In a stroke of strategic positioning, we may be witnessing the birth of a National/NZ First/ACT coalition after 2017 election. NZ politics just got interesting. In a weeks’ time, NZ will have a new PM. And while we puzzle on who that might be, we could also consider how a change in National Party leadership might shake things up (or down) for the micro-parties – ACT, United Future, Māori Party (and Mana Movement). Time to take the gloves off or NZ First might pinch them (the gloves, that is).
National Party and NZ First
The National Party should be a little nervous that NZ First have not slipped below the 5% threshold in any of the polls since the 2014 General Election. They are up and down, but oscillating between the 7-11% range. The beef between Key and Peters is, well, seemingly irreconcilable. Erasing Key from the equation, positions National better to negotiate with Peters should he become kingmaker next year. This is not a suggestion Key was ousted by the party. In fact, I highly doubt that. Rather, next year is going to be rough and if last election is anything to go by, the gloves don’t just come off, the inner hulk busts out. National will not want their star player embroiled in a media maul and having to grovel for Peters hand in government, if it came to it.
A National/NZ First coalition, would give National a clear majority, and the thing any party wants – fewer policy concessions. That is not to say there won’t be trade-offs. Peters is no snowflake. He will use his hand to get (or revoke) as many policies as possible in his play for power. Arguably, that’s where they’ve got him though – he can sit centre right with not everything he wants but a Cabinet position, or sit centre-left at an impasse with the Labour Party who will be torn between Greens and NZ First, likely needing both to govern.
So what then of the current governing coalition?
National would never swallow any kind of merger, alliance, collaboration between the Māori Party and Mana. National have often stated the Māori Party were a ‘stable’ partner and have denounced Hone Harawira. So add him into the mix, and the dynamics change. national will certainly be weighing up all their coalition options for the most palatable outcome. Part of me wonders if the National Party machine are also still reeling at the Māori Party dogging Helen Clarke’s bid for UN Sec Gen.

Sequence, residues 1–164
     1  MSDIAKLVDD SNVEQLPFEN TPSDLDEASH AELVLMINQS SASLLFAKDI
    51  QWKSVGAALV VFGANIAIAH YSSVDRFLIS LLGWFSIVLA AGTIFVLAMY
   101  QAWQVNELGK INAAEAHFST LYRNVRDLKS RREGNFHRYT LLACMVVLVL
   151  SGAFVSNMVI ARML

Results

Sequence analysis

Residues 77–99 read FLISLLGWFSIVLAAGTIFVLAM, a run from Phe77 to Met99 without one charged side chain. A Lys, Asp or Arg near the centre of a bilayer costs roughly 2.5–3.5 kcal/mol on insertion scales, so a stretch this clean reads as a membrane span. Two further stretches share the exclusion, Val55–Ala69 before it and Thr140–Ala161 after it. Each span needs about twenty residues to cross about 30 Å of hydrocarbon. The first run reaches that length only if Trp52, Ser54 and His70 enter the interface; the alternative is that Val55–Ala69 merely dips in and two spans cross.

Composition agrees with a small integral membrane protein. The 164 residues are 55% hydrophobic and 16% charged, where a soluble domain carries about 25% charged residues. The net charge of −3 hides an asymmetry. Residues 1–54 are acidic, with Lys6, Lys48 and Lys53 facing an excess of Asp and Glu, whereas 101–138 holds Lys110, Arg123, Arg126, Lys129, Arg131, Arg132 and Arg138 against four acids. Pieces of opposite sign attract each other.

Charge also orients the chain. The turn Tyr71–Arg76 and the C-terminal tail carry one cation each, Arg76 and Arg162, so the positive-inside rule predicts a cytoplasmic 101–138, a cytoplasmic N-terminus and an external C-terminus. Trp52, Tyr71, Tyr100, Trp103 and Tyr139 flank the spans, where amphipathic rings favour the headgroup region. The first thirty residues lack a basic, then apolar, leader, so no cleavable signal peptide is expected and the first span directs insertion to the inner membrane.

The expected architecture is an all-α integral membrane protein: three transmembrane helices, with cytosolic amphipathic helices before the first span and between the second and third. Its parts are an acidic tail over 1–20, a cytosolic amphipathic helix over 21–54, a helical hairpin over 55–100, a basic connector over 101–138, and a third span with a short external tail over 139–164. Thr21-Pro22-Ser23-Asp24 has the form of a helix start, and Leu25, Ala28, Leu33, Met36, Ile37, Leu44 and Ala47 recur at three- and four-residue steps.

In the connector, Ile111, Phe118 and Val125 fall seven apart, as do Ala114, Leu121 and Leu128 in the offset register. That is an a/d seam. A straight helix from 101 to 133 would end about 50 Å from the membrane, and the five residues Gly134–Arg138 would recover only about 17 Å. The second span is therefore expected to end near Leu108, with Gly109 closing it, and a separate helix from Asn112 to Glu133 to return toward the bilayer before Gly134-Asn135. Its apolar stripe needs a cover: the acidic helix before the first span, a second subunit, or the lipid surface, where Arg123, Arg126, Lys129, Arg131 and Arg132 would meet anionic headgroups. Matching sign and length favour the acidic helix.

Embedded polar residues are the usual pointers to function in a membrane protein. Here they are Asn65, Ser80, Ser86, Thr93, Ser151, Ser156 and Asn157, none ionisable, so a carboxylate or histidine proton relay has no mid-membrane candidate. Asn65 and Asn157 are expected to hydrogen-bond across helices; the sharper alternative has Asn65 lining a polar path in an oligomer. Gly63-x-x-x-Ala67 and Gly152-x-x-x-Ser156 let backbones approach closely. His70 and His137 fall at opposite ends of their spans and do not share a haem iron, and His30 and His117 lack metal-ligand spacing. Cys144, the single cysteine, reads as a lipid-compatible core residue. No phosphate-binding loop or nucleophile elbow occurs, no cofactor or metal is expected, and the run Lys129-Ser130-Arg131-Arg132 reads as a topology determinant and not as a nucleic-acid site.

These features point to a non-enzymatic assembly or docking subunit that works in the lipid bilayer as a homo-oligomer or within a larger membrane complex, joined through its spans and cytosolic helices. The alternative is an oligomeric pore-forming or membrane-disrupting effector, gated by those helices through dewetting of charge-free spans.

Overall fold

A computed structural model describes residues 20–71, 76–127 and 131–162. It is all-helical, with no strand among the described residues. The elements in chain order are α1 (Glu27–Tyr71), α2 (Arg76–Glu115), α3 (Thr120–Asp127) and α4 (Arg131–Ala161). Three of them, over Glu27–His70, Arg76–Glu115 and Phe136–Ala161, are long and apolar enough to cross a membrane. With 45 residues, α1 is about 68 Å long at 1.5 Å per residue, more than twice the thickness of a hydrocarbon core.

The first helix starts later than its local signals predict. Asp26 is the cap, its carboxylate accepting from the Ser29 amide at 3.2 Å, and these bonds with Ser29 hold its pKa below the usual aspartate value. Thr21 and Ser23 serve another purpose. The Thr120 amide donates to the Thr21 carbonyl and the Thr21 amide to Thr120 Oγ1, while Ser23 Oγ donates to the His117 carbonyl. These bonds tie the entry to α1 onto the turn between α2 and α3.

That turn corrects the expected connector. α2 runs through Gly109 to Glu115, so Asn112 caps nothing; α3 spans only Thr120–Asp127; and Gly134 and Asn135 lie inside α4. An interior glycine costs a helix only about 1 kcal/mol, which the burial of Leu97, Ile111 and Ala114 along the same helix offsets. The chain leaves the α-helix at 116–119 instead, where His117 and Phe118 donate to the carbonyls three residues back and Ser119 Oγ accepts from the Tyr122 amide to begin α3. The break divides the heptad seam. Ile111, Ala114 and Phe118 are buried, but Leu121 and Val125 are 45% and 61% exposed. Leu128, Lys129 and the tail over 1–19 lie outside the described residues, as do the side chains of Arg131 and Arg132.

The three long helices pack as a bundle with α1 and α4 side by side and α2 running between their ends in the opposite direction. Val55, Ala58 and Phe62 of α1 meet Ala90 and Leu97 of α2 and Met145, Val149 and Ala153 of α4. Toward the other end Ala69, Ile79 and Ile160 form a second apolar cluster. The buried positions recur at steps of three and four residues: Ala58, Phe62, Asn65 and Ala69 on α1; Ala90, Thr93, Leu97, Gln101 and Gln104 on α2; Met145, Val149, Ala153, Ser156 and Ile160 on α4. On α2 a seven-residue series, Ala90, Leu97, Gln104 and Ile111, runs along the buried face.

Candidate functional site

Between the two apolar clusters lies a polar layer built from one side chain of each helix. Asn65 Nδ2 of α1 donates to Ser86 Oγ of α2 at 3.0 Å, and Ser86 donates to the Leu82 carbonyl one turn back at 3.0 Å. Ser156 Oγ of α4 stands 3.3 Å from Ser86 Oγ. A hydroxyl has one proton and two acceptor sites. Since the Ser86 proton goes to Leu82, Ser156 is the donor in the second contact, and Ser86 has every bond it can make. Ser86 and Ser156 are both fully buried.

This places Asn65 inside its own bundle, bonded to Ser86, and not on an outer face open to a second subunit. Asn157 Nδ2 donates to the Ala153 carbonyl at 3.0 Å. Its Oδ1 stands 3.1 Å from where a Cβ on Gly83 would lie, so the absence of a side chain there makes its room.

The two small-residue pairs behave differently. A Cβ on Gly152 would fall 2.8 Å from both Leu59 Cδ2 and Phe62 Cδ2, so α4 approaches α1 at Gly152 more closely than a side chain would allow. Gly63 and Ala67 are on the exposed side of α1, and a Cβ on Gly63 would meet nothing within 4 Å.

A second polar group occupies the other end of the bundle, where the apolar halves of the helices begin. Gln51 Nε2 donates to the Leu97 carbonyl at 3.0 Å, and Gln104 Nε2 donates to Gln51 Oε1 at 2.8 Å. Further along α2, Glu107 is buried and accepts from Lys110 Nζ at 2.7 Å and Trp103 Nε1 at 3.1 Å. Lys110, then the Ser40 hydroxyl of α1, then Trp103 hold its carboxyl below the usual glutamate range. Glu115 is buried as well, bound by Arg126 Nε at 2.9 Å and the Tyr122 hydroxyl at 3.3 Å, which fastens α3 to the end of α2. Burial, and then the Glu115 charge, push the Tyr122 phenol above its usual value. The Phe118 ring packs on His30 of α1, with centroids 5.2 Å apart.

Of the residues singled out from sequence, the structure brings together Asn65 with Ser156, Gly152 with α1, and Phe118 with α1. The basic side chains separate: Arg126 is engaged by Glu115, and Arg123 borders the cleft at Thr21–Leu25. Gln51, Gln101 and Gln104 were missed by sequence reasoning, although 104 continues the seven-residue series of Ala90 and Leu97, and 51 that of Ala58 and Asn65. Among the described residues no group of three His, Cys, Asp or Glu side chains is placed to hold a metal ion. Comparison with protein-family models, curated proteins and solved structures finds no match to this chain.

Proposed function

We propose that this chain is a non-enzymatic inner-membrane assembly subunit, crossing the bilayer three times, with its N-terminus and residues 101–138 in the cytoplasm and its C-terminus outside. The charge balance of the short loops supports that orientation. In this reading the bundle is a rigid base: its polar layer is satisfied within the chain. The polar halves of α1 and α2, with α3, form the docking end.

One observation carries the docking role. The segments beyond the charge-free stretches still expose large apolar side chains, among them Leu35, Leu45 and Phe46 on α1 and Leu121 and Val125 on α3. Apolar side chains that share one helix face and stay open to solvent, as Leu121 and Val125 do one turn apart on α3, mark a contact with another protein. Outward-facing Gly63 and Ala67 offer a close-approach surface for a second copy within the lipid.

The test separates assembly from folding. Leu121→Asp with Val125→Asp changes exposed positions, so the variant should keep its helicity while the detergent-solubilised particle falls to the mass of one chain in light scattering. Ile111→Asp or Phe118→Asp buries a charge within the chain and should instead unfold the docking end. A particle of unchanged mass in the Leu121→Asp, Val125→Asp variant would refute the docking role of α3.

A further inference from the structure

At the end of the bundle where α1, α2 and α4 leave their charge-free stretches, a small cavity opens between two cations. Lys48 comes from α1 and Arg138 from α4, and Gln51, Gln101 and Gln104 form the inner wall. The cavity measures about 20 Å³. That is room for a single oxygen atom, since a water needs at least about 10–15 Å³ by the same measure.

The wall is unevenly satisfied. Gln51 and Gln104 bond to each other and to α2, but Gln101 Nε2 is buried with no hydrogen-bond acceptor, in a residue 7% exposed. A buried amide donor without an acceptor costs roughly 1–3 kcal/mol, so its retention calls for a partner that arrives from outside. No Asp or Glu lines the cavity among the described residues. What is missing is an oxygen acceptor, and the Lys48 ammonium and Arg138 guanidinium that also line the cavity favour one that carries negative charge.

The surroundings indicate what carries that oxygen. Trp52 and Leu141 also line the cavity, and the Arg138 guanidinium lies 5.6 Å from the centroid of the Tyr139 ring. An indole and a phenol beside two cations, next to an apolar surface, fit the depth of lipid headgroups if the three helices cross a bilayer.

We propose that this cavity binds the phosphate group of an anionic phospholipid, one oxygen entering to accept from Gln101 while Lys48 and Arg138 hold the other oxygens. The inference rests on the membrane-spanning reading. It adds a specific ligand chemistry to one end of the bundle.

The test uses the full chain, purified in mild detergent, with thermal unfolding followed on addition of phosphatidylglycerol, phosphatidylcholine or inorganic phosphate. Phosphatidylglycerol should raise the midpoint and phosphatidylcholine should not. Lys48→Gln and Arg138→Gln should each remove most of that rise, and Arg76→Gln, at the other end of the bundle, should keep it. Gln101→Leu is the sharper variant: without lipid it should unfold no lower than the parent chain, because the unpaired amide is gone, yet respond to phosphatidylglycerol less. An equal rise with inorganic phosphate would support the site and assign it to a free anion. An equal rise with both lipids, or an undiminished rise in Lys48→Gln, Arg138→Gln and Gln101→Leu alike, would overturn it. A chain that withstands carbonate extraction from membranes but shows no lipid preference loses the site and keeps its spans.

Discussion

So what then of the Māori Party in this scenario? If NZ First are in, then the Māori party are out of the coalition. Peters has made it clear he despises the Māori Party. Potentially more so than he despises the Greens. That means the Māori Party may possibly find themselves back to the cross-benches after next election. Unless, they take back the Māori seats and then some. The cross-benches would not necessarily be a bad thing either. It would give the party time to reignite their support base and to rebuild after being branded by opposition parties as the National Māori Party. A brand they are having difficulty shaking.
Peter Dunne might be gone altogether, if Labour and Greens can coordinate the strategic vote to take his seat for the left. (Of course, that is the case with or without a change in National leadership)
ACT could potentially benefit
Interestingly, ACT could potentially benefit from a change in National Party leadership. If David Seymour holds his Epsom seat and is able to draw in right wing voters with a bruised confidence, increasing the ACT vote even marginally to get just one more seat, we might just see the strongest right wing block under MMP with National/ACT/NZ First in the driving seat.
National’s positioning might also signal an early election, the shorter time to showcase the new leader, the less holes to pick in their capability to deliver on promises. It could be another two month post-election cliff hanger, unless the Māori Party can regain the confidence of Māori voters, secure the Māori seats and raise the party vote. The voting scenarios will become clearer in the next few months, but voters will likely need to weigh up more seriously now the most probable scenarios: Labour/Greens/NZ First or National/NZ First/ACT. It’s basically 1996 again.